The Tyrese Hunter Show (Gonzaga wins GIF Breakdown)


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Last Wednesday, the Texans outscored second-ranked Gonzaga, 93-74, in front of a massive crowd at Moody Center, where they are now 3-0. Of all the impressive performances in that game, one player stood out the most: transfer PG Tyrese Hunter, who walked away with a career-high 26 points in the win.

He did it from all over the court: driving in the fairway, hitting from mid-range, and sinking three triples (5/8 of deep). Considering the outside shooting struggles the Longhorns struggled with over the first two games, it was a relief for fans to see them step up and shoot 39% from outside the arc. I’ll show what he did to score his points in the next GIF breakdown.

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Below, watch how Hunter fakes a pump to knock a defender off his feet, resulting in an open lane. The scouting report on Hunter respected his ability from three, although prior to this game, he hadn’t had much statistical success this season as an outsider. However, when a player extends his game beyond the middle range, he forces the defense to take this possibility into account. So when he fakes a three, his defender jumps in, and it’s too late to recover. Hunter gets an easy leap as you see him against a team like Gonzaga, and converts to a new religion. 2 points for Longhorns.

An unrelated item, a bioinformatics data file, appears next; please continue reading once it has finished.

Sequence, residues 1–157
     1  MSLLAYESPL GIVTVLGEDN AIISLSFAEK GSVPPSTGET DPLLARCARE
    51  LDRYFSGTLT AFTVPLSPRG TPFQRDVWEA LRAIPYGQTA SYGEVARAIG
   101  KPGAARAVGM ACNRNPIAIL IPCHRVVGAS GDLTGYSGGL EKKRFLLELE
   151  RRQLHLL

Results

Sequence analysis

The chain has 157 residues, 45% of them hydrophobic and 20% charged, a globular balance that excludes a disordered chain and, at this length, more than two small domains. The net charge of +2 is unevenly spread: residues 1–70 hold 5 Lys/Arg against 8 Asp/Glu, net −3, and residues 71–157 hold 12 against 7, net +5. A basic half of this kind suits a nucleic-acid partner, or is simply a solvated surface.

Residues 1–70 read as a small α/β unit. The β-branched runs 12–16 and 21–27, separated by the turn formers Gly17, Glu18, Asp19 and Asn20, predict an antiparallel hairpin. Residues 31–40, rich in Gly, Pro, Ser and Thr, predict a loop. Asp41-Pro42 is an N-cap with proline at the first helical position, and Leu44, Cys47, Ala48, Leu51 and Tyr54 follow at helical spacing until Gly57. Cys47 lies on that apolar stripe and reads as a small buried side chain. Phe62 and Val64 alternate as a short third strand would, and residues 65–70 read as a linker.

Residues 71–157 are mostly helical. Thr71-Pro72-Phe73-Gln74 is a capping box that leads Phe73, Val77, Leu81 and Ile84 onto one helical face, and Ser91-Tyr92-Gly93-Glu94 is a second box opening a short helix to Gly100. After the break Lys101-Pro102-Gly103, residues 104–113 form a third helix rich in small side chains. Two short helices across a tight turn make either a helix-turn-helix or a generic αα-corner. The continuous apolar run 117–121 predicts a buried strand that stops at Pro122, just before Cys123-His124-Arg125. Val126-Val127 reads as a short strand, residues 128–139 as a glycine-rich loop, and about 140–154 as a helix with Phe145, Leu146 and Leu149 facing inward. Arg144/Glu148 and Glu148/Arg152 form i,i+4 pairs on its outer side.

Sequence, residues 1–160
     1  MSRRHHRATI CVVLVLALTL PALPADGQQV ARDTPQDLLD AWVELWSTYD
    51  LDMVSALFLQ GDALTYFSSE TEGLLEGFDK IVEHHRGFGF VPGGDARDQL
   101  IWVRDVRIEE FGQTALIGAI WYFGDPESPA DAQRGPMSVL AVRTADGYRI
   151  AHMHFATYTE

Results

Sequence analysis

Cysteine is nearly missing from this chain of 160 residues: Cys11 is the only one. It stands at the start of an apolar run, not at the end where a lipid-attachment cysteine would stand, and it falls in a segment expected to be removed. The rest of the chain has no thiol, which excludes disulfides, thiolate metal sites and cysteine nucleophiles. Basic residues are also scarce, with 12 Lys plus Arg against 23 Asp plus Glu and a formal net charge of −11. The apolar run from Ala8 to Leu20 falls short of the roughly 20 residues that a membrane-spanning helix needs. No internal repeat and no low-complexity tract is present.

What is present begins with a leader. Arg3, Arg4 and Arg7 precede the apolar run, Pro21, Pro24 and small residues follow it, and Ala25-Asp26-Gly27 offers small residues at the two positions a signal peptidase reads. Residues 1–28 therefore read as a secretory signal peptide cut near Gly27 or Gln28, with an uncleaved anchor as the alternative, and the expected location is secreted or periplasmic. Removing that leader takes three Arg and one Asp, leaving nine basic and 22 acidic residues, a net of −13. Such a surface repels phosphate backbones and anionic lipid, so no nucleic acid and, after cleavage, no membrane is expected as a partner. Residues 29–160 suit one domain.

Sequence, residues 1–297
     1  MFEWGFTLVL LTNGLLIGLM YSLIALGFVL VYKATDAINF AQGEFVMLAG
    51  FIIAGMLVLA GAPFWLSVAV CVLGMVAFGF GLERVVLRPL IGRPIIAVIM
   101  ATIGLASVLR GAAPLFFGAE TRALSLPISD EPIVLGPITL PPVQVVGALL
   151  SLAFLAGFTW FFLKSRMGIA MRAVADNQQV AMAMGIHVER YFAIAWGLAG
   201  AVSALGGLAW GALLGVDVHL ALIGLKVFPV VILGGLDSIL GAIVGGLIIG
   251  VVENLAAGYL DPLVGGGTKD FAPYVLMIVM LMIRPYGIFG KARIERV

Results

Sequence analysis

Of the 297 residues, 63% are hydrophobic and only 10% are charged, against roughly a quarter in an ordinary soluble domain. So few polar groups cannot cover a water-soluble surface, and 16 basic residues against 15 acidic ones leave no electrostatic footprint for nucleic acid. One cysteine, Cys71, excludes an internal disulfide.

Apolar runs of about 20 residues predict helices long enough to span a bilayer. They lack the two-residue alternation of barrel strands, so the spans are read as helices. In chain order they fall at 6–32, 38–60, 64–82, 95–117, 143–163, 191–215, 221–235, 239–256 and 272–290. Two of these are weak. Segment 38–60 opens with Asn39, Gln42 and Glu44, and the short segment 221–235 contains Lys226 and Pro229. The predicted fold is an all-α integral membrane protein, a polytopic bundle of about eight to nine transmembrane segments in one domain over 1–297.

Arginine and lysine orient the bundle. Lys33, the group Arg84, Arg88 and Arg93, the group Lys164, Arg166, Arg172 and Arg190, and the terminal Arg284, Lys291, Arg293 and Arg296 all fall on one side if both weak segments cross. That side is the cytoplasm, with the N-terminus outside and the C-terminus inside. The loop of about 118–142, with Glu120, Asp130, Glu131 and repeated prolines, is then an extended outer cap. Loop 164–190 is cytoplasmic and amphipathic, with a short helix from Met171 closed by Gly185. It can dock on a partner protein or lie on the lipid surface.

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In this GIF, watch how Christian Bishop distracts Gonaga guard Malachi Smith by getting in his way into a near-sliding screen at the top of the switch, which in turn gives Tyrese Hunter room. The defense settles for Timmy Allen, who backs off defender Sallis until he sees the open hunter at the top of the arc. By the time Allen feeds him the ball, it’s too late for Malachi Smith to shut him up, and Hunter makes him pay.